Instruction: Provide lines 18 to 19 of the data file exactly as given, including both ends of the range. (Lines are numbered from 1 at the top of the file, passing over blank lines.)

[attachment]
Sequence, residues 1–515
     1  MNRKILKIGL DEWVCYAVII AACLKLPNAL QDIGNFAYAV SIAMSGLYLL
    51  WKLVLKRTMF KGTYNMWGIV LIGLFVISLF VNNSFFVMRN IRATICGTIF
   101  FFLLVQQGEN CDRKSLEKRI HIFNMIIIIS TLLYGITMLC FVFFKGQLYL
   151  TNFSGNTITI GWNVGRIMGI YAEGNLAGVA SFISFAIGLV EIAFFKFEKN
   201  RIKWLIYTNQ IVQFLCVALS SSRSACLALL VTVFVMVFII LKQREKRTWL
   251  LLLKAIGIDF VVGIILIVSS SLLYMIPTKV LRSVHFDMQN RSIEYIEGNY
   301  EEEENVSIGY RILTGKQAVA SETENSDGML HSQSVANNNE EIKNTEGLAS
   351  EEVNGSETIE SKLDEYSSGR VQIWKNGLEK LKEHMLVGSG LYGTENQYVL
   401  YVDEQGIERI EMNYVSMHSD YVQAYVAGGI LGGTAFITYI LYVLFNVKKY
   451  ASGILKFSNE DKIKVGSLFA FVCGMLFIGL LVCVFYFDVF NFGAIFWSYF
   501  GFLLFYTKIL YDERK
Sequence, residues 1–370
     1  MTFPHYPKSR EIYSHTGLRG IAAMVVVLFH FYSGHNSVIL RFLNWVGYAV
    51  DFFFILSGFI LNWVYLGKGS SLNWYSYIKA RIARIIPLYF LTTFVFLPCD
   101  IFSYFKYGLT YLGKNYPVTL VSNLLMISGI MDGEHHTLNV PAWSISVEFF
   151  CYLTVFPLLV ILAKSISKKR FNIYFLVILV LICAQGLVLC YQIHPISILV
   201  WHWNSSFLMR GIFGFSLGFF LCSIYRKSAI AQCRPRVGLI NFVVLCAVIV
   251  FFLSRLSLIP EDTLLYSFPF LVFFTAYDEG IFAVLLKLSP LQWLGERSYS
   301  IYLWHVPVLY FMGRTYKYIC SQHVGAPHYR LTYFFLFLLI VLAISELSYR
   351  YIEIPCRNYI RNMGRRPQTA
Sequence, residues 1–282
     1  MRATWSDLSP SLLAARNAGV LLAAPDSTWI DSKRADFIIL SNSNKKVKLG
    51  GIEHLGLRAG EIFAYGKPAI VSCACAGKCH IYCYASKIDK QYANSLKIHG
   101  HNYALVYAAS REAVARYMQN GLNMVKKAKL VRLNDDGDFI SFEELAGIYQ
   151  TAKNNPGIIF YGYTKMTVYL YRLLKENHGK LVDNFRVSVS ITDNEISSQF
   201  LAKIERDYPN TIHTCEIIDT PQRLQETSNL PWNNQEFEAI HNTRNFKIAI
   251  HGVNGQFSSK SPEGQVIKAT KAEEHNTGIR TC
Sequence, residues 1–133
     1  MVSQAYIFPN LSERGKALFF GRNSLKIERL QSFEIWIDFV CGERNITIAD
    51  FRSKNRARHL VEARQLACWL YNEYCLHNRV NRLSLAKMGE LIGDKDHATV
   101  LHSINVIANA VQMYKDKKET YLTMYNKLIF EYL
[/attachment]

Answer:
   201  WHWNSSFLMR GIFGFSLGFF LCSIYRKSAI AQCRPRVGLI NFVVLCAVIV
   251  FFLSRLSLIP EDTLLYSFPF LVFFTAYDEG IFAVLLKLSP LQWLGERSYS